Boda boda riders in Imenti North Sub County are ready to go on with their normal businesses, as they wait for release of report on new boda boda traffic rules set for May 1, 2019.
Led by the Chair of Imenti North Riders Sacco, John Naituri and the Coordinator, John Barasa, the boda boda
operators maintained that they have already complied with the very basic requirements.
They vowed to continue keeping abreast with the emerging traffic rules and regulations, while calling on those
joining the industry to ensure compliance in order to streamline the key transport sector.
Addressing the media in Meru Town on Tuesday, Barasa stated that they had registered their members with the AA driving school for driving lessons and eventual issuance of licenses which was critical.
He said they were also in close collaboration with insurance firms for the sake of helping their members acquire
comprehensive policies, so that in case of accidents the riders and their passengers get compensation.
“With the new rules set to be released next month, we Imenti North riders are very well set and even wish to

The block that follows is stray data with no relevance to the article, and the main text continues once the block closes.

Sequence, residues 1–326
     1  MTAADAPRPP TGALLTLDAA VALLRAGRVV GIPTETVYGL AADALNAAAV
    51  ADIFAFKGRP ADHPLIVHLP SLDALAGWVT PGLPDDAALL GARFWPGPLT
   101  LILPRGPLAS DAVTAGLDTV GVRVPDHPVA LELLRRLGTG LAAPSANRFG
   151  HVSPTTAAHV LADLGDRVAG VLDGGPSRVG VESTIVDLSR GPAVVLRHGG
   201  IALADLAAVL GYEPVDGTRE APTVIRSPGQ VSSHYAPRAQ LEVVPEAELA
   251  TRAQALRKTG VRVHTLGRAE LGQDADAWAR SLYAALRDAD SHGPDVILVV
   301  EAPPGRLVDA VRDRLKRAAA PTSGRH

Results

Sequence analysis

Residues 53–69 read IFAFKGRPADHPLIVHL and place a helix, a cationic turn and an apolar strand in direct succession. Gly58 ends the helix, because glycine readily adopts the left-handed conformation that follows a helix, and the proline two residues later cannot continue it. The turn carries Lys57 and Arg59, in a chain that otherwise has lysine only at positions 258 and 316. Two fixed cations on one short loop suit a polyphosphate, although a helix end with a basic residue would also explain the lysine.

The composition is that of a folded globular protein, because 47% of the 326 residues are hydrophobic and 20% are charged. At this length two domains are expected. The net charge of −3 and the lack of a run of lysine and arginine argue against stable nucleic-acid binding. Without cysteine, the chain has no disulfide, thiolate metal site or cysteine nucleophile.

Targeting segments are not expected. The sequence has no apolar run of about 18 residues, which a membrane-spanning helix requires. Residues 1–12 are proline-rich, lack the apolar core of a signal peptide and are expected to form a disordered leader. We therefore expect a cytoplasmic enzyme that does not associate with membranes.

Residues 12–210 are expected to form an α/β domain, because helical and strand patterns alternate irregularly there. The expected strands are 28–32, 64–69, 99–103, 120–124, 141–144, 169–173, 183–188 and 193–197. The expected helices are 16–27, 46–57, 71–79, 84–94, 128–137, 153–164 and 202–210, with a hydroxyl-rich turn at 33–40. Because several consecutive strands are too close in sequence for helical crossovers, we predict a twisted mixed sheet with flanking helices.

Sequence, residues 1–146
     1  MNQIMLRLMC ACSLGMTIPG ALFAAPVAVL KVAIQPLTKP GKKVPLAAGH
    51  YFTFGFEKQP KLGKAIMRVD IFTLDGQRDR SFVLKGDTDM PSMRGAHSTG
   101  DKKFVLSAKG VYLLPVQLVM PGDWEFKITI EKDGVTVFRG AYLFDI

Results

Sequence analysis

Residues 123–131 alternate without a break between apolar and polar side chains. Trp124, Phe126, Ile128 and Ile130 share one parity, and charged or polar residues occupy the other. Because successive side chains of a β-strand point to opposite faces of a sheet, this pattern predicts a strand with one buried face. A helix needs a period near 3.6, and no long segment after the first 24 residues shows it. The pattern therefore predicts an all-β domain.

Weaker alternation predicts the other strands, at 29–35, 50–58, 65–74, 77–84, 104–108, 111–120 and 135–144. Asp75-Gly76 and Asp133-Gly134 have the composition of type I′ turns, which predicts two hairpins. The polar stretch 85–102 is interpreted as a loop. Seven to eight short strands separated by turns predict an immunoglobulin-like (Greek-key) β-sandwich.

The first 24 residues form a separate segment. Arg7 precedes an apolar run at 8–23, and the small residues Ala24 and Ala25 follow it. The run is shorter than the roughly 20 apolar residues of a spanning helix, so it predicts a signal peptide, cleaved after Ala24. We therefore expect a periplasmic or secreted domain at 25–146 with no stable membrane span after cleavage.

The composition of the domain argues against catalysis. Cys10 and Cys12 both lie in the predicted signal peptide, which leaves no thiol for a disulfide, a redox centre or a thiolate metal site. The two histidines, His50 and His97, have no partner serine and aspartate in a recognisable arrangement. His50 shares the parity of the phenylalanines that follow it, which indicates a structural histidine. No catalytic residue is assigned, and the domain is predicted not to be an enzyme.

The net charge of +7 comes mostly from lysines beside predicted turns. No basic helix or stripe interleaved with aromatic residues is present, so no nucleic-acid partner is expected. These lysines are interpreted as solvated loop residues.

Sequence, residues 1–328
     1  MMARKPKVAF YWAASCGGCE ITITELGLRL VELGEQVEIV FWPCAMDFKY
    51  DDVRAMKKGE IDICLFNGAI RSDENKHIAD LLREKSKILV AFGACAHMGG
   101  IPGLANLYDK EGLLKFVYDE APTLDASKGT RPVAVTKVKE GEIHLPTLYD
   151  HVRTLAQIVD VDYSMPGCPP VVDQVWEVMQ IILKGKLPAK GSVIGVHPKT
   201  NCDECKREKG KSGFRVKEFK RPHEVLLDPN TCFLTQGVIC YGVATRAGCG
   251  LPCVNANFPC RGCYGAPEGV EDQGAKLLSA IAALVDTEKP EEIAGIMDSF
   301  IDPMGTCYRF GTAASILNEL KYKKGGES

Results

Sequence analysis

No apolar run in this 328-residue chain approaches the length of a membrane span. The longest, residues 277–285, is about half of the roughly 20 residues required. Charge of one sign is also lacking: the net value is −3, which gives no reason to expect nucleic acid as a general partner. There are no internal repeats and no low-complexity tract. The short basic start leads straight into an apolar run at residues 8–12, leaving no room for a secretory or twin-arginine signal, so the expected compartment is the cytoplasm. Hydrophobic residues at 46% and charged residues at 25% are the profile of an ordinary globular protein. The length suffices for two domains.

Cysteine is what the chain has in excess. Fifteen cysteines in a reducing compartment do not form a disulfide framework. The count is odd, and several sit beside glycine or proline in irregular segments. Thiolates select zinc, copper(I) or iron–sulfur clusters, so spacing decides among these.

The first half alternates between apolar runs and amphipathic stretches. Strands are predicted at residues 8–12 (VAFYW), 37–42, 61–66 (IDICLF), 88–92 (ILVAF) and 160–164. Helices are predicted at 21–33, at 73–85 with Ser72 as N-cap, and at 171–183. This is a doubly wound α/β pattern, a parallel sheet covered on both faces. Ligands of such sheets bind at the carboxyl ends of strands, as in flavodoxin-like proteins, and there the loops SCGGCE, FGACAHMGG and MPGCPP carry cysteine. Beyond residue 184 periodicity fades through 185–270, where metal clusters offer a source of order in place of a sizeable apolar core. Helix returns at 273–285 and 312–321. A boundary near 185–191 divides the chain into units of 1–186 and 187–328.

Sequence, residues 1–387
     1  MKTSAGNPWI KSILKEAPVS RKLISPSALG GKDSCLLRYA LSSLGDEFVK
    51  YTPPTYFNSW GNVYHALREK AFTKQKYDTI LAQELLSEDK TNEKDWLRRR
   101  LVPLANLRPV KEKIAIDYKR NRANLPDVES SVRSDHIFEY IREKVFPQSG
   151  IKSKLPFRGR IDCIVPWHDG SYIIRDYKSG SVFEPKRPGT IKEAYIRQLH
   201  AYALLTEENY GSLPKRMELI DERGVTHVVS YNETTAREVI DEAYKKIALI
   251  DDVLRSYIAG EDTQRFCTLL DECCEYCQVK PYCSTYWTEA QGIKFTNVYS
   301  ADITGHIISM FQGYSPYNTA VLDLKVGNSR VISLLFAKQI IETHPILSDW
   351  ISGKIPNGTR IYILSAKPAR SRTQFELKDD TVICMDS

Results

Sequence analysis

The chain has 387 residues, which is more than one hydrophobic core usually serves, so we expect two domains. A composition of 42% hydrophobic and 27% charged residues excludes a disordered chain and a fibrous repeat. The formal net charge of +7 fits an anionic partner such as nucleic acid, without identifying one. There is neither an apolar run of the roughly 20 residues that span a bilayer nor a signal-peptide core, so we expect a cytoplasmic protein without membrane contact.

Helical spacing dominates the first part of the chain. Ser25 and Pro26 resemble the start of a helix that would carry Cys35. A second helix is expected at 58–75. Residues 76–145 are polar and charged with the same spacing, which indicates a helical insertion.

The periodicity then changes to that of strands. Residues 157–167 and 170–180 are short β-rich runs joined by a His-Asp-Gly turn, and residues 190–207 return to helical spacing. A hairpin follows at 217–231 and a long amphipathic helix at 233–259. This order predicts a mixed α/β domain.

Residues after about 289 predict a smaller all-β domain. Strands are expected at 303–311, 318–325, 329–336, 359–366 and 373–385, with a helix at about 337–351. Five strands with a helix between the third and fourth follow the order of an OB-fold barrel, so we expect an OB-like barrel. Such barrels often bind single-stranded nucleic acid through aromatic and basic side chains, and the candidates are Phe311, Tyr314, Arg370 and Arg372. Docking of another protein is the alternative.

invite the Interior Cabinet Secretary, Dr. Fred Matiang’i to visit and see our level of organization,” added the Coordinator.
He stated that they were in close communication with the National Transport Safety Authority (NTSA) regarding any updates on matters of transport in the region.
Barasa said their Sacco has partnered with riders from other sub counties including Imenti South and Buuri in a
move to guard against motorbike theft and general insecurity.
“We have rolled out massive sensitization on safety of our members together with public education of residents in
order to build more trust with boda boda riders,” he noted.
In the past, there were cases of criminals disguising as riders, but the Sacco has now come up with stringent
measures by ensuring that every rider has a sticker for easy identification, thus helping in isolating the bad elements.
The riders have promised to put everything in place to sustain their businesses and ward off undue police
interference in their daily operation.
By Richard Muhambe